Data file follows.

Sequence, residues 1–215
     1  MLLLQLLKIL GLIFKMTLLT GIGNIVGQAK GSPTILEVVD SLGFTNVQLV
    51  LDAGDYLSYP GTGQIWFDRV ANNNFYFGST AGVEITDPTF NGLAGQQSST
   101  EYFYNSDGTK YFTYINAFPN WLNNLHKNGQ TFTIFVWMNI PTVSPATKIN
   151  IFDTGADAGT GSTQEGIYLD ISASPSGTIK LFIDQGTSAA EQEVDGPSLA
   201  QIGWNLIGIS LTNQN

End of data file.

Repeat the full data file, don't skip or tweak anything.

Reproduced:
Sequence, residues 1–215
     1  MLLLQLLKIL GLIFKMTLLT GIGNIVGQAK GSPTILEVVD SLGFTNVQLV
    51  LDAGDYLSYP GTGQIWFDRV ANNNFYFGST AGVEITDPTF NGLAGQQSST
   101  EYFYNSDGTK YFTYINAFPN WLNNLHKNGQ TFTIFVWMNI PTVSPATKIN
   151  IFDTGADAGT GSTQEGIYLD ISASPSGTIK LFIDQGTSAA EQEVDGPSLA
   201  QIGWNLIGIS LTNQN